Santa Marta, Colombia (11,290 kilometers – 7,015 miles)
As previously stated in an earlier and equally irrelevant blog post, the Conbigotes gentleman embarked on a mini-adventure inside the adventure via the Caribbean Sea (that’s the Mar de Caribe for all of you more versed in Spanish than I). After being slightly sedentary for a week in Panama City, we dusted off the water wings and white boat shoes, and headed for Portobelo, Panama. En route, we hit a bit of a snag. Unfortunately, the over-protective Panamanian private toll-road workers had nothing else to do than throw a fit upon witnessing two unsightly men passing by on their well kept tollway. This situation would have called for the oft-used “I don’t speak Spanish” retort, but sure enough, they brought Police to drive the issue home. Therefore, our horses were not so delicately lodged into a pickup truck and driven 30 kilometers to the end of the upper-class highway and left to join the common folk. To be fair, they were chatty gents and seemed interested in our exploits, but it was a bummer as that it will most likely be the only non-leg powered advancement we have during this outing.
Once in Portobelo, Captain Jack and his self-titled hostel served as the rallying point and bartender for all of us heading out on the 64 foot Wild Card sailboat the next day. The grizzled old vet loudly serenaded everyone late night, asleep or not, with his version of “Unchained Melody”, but made up for it the next day by serving up possibly the best wasabi (none of this horseradish bullshit) bloody mary I have ever been fortunate to suck on.
While we were at the dock, diligently WD-40’ing the bikes to prevent salt and sea monster damage, it was fairly obvious what kind of a trip this was going to be as the 10 deep Aussie crew strolled up with enough booze to fuel a Guns and Roses reunion tour. While everybody else lugged a plastic bag of rum and beer to the dingy, these folks wheeled shopping carts. Quite an impressive achievement and I probably would have done the same if I wasn’t already sweating in anticipation of the eminent seasickness that was sure to kick me in teeth. Ryan took the high road with a positive train of thought by vocalizing that he will not get sea sick. I couldn’t be so confident as my last bout of deep sea travel/fishing ended with my Mother drugging me to sleep for 10 hours in an attempt to stop me from crying and/or vomiting continuously.
I have been sitting here for the last 38 minutes staring at a blinking cursor wondering how the hell to explain the following 5 days on Wild Card bound for Cartagena, Colombia. I’ve got nothing. Or too much. Shit, I don’t know. It’s borderline impossible to explain everything and the process of even doing so feels cheap and gross. There is probably a better way to inform our reader(s), but we’re going to offer detailed bullet points and a shit-ton of pictures. So here goes…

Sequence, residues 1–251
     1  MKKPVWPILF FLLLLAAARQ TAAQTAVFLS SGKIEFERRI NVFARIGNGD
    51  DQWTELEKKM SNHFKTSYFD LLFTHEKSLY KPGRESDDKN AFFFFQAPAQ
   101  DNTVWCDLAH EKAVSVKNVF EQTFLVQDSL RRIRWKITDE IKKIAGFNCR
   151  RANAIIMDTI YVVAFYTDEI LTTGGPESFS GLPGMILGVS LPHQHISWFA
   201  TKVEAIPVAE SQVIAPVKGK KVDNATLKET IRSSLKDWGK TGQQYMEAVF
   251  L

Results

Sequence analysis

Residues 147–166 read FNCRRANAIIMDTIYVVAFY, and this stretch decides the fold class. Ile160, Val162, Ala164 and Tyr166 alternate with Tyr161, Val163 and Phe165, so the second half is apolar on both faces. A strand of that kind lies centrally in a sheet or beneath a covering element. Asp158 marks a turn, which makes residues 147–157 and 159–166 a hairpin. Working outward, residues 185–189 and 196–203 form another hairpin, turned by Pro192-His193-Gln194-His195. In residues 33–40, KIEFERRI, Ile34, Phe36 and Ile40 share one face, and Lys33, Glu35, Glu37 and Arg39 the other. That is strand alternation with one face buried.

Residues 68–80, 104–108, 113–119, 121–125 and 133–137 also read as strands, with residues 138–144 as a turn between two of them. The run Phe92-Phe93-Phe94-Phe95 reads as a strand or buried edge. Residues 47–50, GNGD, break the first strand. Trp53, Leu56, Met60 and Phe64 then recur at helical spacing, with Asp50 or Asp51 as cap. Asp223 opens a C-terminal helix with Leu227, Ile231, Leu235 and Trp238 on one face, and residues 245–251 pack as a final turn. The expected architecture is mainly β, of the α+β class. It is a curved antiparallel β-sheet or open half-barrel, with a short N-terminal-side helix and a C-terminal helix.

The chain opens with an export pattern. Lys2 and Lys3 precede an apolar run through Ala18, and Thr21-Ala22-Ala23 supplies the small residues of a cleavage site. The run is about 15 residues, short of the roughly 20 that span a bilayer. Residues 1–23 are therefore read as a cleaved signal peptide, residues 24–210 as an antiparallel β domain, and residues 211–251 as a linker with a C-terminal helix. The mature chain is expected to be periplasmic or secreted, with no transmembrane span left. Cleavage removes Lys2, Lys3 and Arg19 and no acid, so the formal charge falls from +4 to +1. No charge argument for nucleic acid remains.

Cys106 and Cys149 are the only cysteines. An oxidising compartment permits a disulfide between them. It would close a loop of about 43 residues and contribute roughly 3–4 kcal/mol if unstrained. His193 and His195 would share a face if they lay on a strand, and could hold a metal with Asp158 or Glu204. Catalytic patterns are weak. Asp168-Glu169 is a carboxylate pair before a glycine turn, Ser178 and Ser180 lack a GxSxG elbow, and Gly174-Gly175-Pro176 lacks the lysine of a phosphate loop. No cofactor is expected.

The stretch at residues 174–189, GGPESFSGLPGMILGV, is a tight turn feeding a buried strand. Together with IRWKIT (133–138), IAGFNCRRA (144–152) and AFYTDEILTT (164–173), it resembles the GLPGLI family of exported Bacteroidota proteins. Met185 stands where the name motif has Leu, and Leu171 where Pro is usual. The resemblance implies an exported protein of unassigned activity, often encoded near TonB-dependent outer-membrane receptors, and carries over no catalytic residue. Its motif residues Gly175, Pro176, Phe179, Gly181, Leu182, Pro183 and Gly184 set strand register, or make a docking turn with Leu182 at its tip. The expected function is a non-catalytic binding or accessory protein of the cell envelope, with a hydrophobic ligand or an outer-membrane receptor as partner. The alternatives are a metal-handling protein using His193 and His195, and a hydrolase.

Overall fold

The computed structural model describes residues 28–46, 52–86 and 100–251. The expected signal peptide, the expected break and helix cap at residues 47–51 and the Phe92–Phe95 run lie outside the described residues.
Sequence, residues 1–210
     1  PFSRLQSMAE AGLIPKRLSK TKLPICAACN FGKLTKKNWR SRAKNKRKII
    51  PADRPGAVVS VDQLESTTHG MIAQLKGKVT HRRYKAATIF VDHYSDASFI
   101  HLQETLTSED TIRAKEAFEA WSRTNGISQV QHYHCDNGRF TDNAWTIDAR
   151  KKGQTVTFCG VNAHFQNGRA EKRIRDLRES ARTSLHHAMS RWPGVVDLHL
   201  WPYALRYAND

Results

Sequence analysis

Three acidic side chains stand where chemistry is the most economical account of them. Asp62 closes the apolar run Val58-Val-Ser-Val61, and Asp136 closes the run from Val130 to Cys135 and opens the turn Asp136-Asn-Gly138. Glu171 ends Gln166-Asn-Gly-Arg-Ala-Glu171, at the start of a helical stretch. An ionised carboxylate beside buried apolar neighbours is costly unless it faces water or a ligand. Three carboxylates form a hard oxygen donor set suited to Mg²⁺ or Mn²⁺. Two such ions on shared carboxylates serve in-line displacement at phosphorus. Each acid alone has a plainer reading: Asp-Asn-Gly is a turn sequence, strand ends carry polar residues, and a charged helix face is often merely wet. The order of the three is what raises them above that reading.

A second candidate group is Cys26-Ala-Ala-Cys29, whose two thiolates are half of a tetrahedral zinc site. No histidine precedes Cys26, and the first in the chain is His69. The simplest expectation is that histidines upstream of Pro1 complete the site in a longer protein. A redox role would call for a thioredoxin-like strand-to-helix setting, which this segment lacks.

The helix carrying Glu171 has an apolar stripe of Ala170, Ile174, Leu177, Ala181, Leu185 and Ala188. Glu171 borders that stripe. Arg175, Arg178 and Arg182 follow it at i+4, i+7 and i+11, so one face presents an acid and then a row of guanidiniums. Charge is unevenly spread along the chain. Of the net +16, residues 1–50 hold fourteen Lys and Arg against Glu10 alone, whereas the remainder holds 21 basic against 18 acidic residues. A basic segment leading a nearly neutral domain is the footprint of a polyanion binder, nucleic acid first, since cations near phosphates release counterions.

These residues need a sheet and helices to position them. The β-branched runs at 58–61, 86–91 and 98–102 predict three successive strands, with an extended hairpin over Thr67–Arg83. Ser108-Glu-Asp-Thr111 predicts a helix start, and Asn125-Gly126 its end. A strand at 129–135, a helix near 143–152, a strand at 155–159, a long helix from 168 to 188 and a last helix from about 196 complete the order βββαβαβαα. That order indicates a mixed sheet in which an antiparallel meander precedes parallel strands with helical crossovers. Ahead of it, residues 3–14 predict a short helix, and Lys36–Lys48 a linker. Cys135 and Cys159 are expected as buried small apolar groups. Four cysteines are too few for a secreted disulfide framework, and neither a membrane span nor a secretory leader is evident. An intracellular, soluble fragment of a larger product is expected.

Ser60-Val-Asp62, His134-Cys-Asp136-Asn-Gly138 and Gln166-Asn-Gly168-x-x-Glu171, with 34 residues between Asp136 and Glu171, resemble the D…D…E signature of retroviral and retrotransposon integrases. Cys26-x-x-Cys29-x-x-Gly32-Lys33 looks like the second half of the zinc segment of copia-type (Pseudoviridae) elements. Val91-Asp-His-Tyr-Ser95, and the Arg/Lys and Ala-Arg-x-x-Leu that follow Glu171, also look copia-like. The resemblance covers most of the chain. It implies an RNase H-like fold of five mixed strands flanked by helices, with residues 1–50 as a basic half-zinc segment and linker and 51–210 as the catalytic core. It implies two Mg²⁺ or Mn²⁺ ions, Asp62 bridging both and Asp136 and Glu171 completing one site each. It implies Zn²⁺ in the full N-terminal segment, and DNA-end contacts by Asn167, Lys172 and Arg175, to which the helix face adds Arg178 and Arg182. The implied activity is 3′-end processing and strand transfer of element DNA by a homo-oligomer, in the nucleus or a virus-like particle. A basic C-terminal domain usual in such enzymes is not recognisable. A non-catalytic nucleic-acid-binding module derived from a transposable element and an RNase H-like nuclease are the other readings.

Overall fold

– 1 Kiwi (Captain), 1 Belgian (crew), 1 South African (crew), 11 Aussies, 2 Brits, 1 Swiss, 1 Portuguese, 1 American, 2 Conbigotes
– 2 days island hopping/snorkeling/plank jumping/sunrise and sunset watching in San Blas. I’d venture a guess that Colombus didn’t come across islands more serene and picturesque than these. (I just realized that maybe he did and that is why the country is named after him)
– About 847 pounds of fresh lobster, crab, octopus and fish. This bordered on gluttonous, actually it was gluttonous. Far and away the best seafood meal of my life. And probably in the top meals of the trip, alongside the slabs of beef we were given early on in Washington.
– 10 push-ups for saying the word “mine”
– Spiking the gatorade cooler with rum and/or vodka on a daily basis. Additionally, luke-warm Balboa beer.
– 36 hours of open ocean, highwater sailing. There is something to be said about waking up as the sun comes up over 360 degrees of ocean horizon line. Makes you feel quite insignificant.
– Watching dozens of curious pilot whales circle the boat as we idled in an endless sea.
– 3,609 cigarettes (probably more accurate than not)
– Being hand and foot with 20 new strangers on a 4 square foot section of bow, sharing 6 bean bags, sweating on each other for 5 days.
– The intense and stale heat below deck mixed with the overriding stench of a backed up septic reservoir. Really stung the nostrils and was quite enough to put you over the edge if you hadn’t yet lost the battle with sea sickness.
We sincerely hope that based on those bullets and the marginal photos below, that you can grasp 1/5th of how goddamn great this was.
The one thing that does need a bit of light shed on it was the feeling while slowly trolling into the port of Cartagena the final night. With most of the team too exhausted to stay up for the South American welcome, the bow was left to a few willing enough to take it all in. Selfishly, we will state that it was possibly a tad more special for us knowing we had just arrived on the last continent of the our sojourn and as the cool night breeze blew us in to the lights of town, we had an opportunity to reflect on where we had come and where we are going. It was one of those moments where time seems to stop, a stillness fills the air and the memories feel so thick that it is hard to breathe. At that moment, we both couldn’t imagine being anywhere else.
Hugs and high-fives were given as we left captain, crew and the rest of the Wolf Pack. I already miss everyone’s bullshit and would pay good money to be back. We’ll see you when we see you bastards!
So after a couple of days wondering around Cartagena and its accompanying heat, we got back on the bikes and now find ourselves here in Santa Marta in the arms of an old friend, Katherine Wedler. It’s damn good to see her again as we spend time seeping in the natural beauty of her bio reserve Caoba.
Next stop…..not sure. Somewhere southward in Colombia. We’ll keep you informed.